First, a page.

Permanent change to parish church and ministry?
From the Revd Andrew Lightbown
Sir, — I read “Lockdown could change the Church permanently” (Comment, 29 May) with considerable interest. Its authors are, of course, correct to suggest that the Church may look very different post Covid-19. They are also right to suggest that parish priests should constantly reflect on their practice; for we are mandated to “preach the gospel afresh in every generation”. I would, however, like to challenge three of their basic assumptions.
The first of these is that what they refer to as taking services is somehow distinct from formation, prayer, pastoral care, and mission. Surely, they are all interwoven and bound together in and through our common language, a language taught in context by the parish priest: liturgy. Taking services is an important part of the life and work of the priest. It isn’t a chore, but an honour and a privilege — a privilege that culminates in the instruction to “Go in peace to love and serve the Lord.”
Second, although many of our buildings are expensive to maintain, I don’t think that it is fair to describe them as “the prison”. Indeed, for many, the church building is a place of liberation and freedom, where people learn to be truly themselves. The church can be thought of as a workshop where musicians and artists find release for their talents to the glory of God; a safe haven, a foretaste of heaven, for those seeking peace, quietness, and refuge; and a school for the Lord’s service. The church, as a physical place, has always been a place of both divine and human encounter. Yes, our buildings can be very expensive to maintain, but the cost may be worth it. What price a human soul and a life transformed?
Lastly, it is, of course, right that we always reflect on that which constitutes good preaching, but, again, do we need to throw the baby out with the bathwater? Many people over the years have been deeply moved and challenged by prayerfully crafted homilies. Is there any real evidence that this form of teaching should be jettisoned? Is there any real evidence that dialogical sermons are more effective?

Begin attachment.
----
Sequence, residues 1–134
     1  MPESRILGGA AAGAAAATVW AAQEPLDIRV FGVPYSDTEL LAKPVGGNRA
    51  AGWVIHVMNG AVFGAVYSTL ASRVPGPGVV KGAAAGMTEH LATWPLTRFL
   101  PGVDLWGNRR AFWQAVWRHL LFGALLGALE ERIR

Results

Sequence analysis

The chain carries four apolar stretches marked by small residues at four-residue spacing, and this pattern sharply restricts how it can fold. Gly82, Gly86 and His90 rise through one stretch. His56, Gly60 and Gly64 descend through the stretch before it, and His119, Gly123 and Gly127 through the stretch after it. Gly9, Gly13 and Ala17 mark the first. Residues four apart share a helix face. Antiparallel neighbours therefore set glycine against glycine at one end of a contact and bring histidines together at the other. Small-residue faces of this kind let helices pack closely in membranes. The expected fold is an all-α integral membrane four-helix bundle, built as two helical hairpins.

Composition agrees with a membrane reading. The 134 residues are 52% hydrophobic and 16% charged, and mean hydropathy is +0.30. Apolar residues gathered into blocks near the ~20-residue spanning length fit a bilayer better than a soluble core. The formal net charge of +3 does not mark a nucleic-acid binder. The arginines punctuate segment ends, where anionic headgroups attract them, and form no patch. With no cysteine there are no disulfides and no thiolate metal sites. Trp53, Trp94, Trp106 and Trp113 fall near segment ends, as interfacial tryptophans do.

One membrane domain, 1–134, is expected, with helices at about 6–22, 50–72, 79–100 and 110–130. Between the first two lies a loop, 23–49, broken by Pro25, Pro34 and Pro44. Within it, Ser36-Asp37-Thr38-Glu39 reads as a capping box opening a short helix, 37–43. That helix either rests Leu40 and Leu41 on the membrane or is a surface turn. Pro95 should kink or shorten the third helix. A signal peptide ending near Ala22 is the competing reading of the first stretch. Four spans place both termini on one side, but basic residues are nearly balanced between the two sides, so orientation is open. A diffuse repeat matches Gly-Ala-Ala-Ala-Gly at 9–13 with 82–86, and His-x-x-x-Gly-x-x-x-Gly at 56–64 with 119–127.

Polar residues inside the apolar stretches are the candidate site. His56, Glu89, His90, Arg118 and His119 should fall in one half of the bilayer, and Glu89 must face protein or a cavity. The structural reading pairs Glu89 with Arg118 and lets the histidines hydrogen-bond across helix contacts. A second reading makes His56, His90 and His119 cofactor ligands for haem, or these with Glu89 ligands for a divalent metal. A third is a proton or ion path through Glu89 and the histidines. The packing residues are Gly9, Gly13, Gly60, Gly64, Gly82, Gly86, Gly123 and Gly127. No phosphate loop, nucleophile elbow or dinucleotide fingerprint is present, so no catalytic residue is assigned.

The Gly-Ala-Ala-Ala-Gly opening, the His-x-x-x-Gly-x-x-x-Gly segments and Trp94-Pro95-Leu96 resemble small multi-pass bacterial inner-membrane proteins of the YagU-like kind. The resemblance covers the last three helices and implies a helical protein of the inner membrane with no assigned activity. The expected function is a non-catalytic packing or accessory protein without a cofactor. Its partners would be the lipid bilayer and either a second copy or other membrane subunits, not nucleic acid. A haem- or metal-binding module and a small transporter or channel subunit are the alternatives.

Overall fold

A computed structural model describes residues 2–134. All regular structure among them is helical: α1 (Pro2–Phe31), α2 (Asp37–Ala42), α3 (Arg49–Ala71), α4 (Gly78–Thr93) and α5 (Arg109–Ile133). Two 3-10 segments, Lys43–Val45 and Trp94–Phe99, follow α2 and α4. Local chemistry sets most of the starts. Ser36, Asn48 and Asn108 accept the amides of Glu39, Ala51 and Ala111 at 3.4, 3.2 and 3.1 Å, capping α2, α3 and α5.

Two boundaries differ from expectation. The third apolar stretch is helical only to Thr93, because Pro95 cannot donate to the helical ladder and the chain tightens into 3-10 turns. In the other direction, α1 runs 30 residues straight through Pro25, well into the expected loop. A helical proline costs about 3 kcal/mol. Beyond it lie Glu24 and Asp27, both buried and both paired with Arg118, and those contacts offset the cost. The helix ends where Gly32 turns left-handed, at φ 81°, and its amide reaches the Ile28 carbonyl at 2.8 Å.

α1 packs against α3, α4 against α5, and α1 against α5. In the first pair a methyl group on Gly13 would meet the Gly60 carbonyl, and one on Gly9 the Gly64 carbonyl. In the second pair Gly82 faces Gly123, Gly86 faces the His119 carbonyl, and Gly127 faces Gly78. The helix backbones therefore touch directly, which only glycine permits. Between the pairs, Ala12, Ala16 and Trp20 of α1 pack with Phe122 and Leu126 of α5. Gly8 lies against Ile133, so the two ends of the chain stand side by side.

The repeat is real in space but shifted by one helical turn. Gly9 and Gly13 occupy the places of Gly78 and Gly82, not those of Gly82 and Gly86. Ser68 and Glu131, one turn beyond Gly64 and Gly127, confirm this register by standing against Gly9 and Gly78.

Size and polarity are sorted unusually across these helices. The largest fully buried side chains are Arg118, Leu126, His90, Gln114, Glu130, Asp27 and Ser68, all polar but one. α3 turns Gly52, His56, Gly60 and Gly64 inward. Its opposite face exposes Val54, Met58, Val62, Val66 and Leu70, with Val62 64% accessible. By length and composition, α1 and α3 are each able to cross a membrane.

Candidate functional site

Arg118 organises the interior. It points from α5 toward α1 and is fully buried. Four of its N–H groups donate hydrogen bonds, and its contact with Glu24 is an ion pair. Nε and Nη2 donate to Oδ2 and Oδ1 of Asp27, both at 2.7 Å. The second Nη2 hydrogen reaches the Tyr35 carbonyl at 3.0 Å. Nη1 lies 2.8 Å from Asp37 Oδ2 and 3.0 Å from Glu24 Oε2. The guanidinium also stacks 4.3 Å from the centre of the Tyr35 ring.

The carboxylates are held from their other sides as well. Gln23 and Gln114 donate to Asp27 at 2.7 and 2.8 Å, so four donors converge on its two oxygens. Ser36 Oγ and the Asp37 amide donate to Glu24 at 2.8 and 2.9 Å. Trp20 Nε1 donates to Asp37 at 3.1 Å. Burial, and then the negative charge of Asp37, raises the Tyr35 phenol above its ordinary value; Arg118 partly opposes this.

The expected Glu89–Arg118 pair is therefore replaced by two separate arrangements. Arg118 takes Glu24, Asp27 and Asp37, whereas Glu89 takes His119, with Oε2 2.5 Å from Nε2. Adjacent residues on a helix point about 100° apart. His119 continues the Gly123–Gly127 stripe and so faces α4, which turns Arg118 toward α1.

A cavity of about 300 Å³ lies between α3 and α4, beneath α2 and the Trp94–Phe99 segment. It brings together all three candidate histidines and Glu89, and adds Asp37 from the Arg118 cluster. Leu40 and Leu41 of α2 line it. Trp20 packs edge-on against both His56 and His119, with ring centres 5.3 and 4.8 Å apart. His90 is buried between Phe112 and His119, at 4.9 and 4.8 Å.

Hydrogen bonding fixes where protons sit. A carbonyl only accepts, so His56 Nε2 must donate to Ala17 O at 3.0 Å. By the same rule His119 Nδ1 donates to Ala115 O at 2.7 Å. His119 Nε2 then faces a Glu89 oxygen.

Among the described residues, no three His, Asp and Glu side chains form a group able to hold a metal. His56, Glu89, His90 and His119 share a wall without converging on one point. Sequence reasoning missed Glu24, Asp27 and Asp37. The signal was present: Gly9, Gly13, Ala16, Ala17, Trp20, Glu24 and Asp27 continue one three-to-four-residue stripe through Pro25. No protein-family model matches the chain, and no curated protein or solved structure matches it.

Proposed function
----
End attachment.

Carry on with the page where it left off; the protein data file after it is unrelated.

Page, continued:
Our buildings are important not in their own right, but as workshops, schools, and places of encounter and liberation. We need to be very careful in how we approach a “radical rethink of the work of the parish priest”.
The Vicarage, Vicarage Road
Buckinghamshire MK18 3BJ
From Canon Rob Kelsey
Sir, — The “radical rethink of the work of a parish priest” is not all that radical.
I wish we could escape the tired old trope of the church building as a burden, or a “prison”. In my experience of the rural Church, the ministry of the parish priest has never been “simply to ‘take services’”, and the idea that the priest should “pastor, train, and mobilise the community of faith” is fine in itself, but too narrow. The parish priest is more than a chaplain to the congregation.
In my experience of the rural Church, much of the creative, imaginative stuff that the authors describe is already happening. But I would hope that the lockdown provides us with time to think more theologically, and stop thinking that being the Church primarily involves doing stuff.
The incarnation teaches us that matter matters to God. And, in rural areas at least, church buildings matter to people, and not just those who might think of themselves as “God’s people”. Being locked out of our church buildings might help us move away from the idea that the church is a kind of ark for the chosen few. We are all, as it were, in the same boat.